Century 21 has terminated its franchise agreement with one of its biggest brokerages, Long Island, N.Y.-based Laffey Associates, claiming in a lawsuit that it’s owed more than $280,000 in royalties and franchise fees.
Laffey Associates executives confirm they have parted ways with Century 21, but say they intend to file a counterclaim in New Jersey Superior Court that Century 21 breached its obligations under its franchise agreements.
In a statement, Laffey Associates said many of the counterclaims it intends to make are also the subject of a lawsuit filed by other Century 21 franchises in 2002.
That lawsuit, which was granted class-action status last month, alleges that Century 21 and its parent company failed to provide the required level of services and misappropriated fees that franchisees paid into a national advertising fund.
According to the attorneys who filed the class-action lawsuit, the class of affected brokerages could include at least 1,000 current and former Century 21 franchisees.
Although Laffey Associates was not one of the five Century 21 brokerages filing suit in 2002, the company says it considers itself a member of the affected class.
Century 21’s parent company, Realogy Corp., maintains that the claims in the class-action lawsuit "were without merit, and they remain so today."
Founded in 1974, Laffey Associates claims $1 billion in annual sales by more than 500 residential agents and brokers who work out of 14 offices across Long Island and Queens.
The company claims it’s been the top-producing Century 21 firm in New York for the past 10 years, and that it ranked among Century 21’s top 10 companies nationwide in 2009.
In a statement, Century 21 said it "remains a market leader on Long Island, and this change has created an opportunity for us to grow in a new direction in this market." Century 21 says it still has 2,200 agents and brokers working out of 60 independently owned and operated offices throughout Long Island.
In its complaint against Laffey Associates, Century 21 said it had 12 separate franchise agreements with Laffey dating back to 1997, governing the operation of an equal number of brokerage offices.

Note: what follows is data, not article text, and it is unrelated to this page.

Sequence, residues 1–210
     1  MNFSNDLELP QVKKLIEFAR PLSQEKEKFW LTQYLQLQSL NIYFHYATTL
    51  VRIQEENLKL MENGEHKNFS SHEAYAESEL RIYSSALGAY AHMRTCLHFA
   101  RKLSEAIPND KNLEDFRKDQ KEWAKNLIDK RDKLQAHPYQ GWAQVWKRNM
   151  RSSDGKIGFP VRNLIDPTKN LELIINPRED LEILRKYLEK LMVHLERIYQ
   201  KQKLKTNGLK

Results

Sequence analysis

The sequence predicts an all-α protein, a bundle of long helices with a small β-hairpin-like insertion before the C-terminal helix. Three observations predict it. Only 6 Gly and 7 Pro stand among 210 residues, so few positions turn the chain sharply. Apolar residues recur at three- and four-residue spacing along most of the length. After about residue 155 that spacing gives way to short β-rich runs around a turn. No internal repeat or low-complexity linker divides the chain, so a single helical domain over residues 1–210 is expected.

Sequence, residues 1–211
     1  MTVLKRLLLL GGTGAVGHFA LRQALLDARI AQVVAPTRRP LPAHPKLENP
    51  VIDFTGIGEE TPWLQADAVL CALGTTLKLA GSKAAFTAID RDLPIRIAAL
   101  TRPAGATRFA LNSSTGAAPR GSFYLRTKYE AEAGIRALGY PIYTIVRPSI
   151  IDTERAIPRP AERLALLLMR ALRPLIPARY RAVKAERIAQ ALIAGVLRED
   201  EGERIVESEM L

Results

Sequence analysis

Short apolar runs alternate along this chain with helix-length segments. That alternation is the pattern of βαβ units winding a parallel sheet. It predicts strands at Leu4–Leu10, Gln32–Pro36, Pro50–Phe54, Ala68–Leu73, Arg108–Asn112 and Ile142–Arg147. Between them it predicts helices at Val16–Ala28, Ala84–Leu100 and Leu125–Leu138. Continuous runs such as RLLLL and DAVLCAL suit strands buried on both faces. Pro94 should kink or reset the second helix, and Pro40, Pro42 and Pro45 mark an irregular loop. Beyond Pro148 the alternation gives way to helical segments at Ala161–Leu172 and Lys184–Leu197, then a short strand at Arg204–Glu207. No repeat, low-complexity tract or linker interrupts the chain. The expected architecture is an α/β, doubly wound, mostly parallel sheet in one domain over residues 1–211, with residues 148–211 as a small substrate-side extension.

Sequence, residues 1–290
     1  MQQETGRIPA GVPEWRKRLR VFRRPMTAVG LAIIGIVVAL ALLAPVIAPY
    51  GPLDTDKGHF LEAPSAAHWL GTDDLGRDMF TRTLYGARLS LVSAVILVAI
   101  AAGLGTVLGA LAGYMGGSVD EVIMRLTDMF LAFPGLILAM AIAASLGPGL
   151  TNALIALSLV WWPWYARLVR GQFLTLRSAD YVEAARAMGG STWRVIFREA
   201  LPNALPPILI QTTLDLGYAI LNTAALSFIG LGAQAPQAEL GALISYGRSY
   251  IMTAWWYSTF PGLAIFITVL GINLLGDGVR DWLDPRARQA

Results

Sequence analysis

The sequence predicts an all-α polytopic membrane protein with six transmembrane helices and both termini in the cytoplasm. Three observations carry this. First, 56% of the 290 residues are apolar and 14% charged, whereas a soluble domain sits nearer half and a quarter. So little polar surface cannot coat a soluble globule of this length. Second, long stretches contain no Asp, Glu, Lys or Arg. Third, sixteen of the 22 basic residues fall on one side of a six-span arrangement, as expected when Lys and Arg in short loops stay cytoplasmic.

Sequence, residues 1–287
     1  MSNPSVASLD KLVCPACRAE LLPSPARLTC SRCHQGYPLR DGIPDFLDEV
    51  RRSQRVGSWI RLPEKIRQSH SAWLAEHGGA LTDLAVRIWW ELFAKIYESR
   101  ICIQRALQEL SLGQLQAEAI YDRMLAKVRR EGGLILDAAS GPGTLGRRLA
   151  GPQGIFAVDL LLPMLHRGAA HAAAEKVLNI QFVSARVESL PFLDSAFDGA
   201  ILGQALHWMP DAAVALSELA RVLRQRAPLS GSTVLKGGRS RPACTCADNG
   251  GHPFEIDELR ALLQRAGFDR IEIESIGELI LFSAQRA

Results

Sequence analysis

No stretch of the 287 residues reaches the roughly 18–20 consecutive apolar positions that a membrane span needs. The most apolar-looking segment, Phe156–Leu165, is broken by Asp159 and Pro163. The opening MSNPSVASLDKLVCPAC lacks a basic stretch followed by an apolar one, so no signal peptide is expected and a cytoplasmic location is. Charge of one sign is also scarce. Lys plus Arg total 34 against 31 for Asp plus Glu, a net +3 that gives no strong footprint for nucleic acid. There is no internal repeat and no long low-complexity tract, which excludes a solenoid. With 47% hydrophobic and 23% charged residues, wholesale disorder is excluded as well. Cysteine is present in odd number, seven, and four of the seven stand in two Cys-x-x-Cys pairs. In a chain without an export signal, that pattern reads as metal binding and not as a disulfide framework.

The agreements, which ran for 10 or 12 years, were all due to expire on Nov. 1.
But Century 21 said it terminated the agreements on Sept. 7, after warning Laffey Associates in an Aug. 2 letter that it had determined that Laffey had breached the agreements by failing to report and pay royalties and franchise fees on closed transactions.
In addition to franchise royalty fees of 6 percent, the franchise agreements stipulated that Laffey would pay a monthly national marketing fee equal to 2 percent of gross revenue, the lawsuit said.
The complaint breaks out $280,140 in royalty fees, national marketing fees and other franchise fees that Century 21 claims were owed by the 12 offices. The lawsuit also seeks interest, attorneys’ fees and costs.
Attorneys for Century 21 said they believed the franchisor was owed other, additional fees on other unreported sales.
"Century 21 has demanded an accurate accounting of any additional sales transactions or amounts that may be owed to Century 21, and (Laffey Associates) has refused to provide this information," the lawsuit said.
In a statement, Laffey Associates said there was more to the split than the allegations detailed in Century 21’s lawsuit.
"Despite their claims, Century 21 and Realogy made numerous attempts during the past few months to extend the term of our affiliation beyond 2010," the company said.
"While we acknowledge that our business relationship with Century 21 has ended, the affiliation was not terminated by reason of our firm’s failure to live up to the terms of its franchise agreement."
Pauline Conti, associate broker for Laffey Associates, said she was confident that the brokerage will be able to thrive on its own.
Conti, whose own Jackson Heights-based brokerage Century 21 House Depot merged with Laffey Associates in December, said Laffey "had already been pretty much functioning on its own."
Laffey and Associates, she said, is a "very large organization" with its own agent training academy and "an excellent Web site" that the company has invested heavily in.
"They are very competitive on Internet marketing, and making sure their homes and listings get the best exposure, because the whole real estate industry has gone in that direction," Conti said. "They already have that whole segment of marketing covered."
Launched in 2002, Laffey claims its real estate portal for Long Island and Queens, Laffey.com, was the first to incorporate all of the Long Island Multiple Listing Services’ property listings, and attracts more than 100,000 visitors each month.
Laffey Associates also offers title insurance and mortgages through affiliates eRealty Title Agency Corp. and First Allied Home Mortgage.
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